Whyte, the Nigeria’s most famous victim of leprosy, born in 1905, ‘was diagnosed with leprosy as a teenager, at a time when there was no effective cure for the dreaded disease which usually leads to deformity of the hands and feet.’ Accordig to Adaobi Tricia Nwaubani, ‘people suffering from leprosy were often isolated or driven away from their communities. Whyte channelled his experience of suffering and stigmatisation into music, and went on to compose more than 200 inspirational hymns.’ Nwaubani, citing Achinivu Kanu Achinivu, a professor of music who was a friend and protégé of Whyte explained that Whyte, “…wrote very slowly. It took him a whole day or more to write one page of music.”  Whyte was ‘born in Abonnema, Rivers State of Nigeria and diagnosed with leprosy in 1919. He was ‘inmate at the Uzuakoli Leprosy Colony in south-eastern Nigeria from 1932, despite being cured in 1945. Composed over 200 hymns, mostly in the Igbo language. Set up a choir made up of people living with leprosy, who toured Nigeria. His choir sang for British dignitaries who visited colonial Nigeria. Included Ikoli (a traditional name) in his birth name, so as to not be mistaken for a foreigner.’ Whyte taught music at Methodist Boys’ High School, Uzuakoli where he met Professor Achinivu in the early 1950s.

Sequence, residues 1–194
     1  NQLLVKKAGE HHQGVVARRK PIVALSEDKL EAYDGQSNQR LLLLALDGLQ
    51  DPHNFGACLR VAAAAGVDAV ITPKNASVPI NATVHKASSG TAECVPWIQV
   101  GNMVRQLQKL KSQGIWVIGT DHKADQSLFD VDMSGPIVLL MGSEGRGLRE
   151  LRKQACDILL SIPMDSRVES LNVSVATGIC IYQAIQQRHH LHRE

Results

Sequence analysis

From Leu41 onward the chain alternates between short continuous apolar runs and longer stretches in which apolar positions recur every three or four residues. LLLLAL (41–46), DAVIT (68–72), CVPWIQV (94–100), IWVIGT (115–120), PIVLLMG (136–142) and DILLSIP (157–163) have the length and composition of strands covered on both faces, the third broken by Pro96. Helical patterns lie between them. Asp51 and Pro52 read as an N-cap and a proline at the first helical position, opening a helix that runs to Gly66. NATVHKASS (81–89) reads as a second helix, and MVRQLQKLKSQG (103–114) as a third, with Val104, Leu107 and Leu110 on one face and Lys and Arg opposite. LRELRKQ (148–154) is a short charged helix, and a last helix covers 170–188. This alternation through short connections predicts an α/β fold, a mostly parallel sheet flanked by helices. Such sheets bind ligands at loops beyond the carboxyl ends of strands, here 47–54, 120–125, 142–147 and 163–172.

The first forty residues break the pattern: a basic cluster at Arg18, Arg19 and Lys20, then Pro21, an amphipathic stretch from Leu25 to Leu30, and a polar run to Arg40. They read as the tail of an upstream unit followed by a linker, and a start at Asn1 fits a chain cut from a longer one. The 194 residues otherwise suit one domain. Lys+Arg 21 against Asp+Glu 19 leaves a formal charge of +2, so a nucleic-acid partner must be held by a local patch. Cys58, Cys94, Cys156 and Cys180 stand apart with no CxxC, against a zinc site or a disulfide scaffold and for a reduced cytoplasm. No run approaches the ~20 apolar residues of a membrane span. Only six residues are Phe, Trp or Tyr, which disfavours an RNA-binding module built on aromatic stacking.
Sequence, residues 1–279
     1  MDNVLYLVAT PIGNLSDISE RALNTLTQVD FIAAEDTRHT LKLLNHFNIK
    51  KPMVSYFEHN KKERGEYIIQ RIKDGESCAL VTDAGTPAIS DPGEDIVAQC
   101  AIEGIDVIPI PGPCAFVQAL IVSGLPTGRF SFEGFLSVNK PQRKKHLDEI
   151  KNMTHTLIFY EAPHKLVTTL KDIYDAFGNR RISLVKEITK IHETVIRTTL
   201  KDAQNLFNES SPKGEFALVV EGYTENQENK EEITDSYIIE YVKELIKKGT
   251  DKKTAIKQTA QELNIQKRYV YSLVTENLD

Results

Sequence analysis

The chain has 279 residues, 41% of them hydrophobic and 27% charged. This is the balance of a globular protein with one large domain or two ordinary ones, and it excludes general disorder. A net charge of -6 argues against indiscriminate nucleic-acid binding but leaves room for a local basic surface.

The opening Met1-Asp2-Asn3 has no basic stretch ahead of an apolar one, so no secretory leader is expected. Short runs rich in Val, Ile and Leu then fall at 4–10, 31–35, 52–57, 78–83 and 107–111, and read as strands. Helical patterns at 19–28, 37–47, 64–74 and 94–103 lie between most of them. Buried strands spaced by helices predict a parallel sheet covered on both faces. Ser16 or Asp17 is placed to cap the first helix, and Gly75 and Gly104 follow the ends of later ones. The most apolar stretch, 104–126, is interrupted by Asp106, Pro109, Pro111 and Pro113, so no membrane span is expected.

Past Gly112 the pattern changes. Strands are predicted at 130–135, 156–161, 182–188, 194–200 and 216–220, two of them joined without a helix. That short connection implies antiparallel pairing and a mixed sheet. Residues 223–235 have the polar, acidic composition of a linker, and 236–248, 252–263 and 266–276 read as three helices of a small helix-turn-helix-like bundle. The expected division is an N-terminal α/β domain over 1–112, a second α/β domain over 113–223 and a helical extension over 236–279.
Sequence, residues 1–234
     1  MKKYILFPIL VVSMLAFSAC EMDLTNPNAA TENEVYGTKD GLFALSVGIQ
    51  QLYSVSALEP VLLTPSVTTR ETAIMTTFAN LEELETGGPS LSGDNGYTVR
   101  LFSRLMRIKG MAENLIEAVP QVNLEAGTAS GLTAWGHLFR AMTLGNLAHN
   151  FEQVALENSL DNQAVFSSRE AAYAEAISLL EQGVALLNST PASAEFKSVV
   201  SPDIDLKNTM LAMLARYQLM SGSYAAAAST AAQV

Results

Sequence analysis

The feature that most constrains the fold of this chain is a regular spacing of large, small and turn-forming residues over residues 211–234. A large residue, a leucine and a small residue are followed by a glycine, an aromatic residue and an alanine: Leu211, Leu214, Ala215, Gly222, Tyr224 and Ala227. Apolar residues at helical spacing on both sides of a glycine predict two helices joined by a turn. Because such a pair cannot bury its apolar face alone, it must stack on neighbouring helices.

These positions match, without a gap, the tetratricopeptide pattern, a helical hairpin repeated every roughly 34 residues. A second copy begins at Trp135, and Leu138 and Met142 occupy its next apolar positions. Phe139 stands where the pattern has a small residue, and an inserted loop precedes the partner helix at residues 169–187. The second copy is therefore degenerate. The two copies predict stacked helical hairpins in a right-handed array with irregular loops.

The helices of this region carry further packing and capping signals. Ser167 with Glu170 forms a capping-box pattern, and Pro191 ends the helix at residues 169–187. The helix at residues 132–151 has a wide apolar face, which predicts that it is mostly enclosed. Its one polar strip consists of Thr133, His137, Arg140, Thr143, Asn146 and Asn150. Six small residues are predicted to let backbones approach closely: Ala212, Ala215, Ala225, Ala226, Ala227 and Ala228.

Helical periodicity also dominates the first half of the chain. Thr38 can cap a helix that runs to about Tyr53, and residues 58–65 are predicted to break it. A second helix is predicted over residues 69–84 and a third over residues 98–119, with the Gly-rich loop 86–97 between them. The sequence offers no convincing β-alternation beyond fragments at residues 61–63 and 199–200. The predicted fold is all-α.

Since the death of Whyte in a motor accident in 1977 after a fatal motor accident, his ‘talent for music was developed at the Uzuakoli Leprosy Centre in what is now Abia State in south-eastern Nigeria, where he spent the last 45 years of his life.’ Methodist missionaries intervened based on Whyte’s and others persistent activism in support of people with leprosy. Methodist missionaries later ‘established the Uzuakoli Leprosy Centre in 1932, with Whyte and his fellow patients as some of the first set of inmates.’ At Uzuakoli, Whyte met his helper of destiny, a British missionary and medical doctor, Thomas Frank Davey, a music lover and a pianist – an association that became the catalyst for his music career. Whyte remain and formed a choir made up of other patients at the Uzuakoli centre after he was declared cure of leprosy in 1949.

In remembering and celebrating 230 years death anniversary of Charles Wesley and the inspiration of his hymns to Ikoli Whyte in Nigeria, it important to note that their hymns not only provides solace, comfort and advice, their hymns inspires and awakens our hope in God and the anticipation of the Second Coming of Jesus Christ. While Charles Wesley who suffered from nervous exhaustion and severe depression travelled, preached, wrote poetry and hymns, saw to the work of the Methodist societies, bands, and classes, Ikoli Whyte who suffered from leprosy composed hymns in native Igbo language and saw to the stop of discrimination against people with leprosy. Wesley’s and Whyte’s styles invites us to respond to the gospel of God’s love in Jesus Christ. They summons us to live out our discipleship in worship and mission just as they took the word of God through their activism and hymns to people, wherever they were, rather than try to get them into a church to hear it.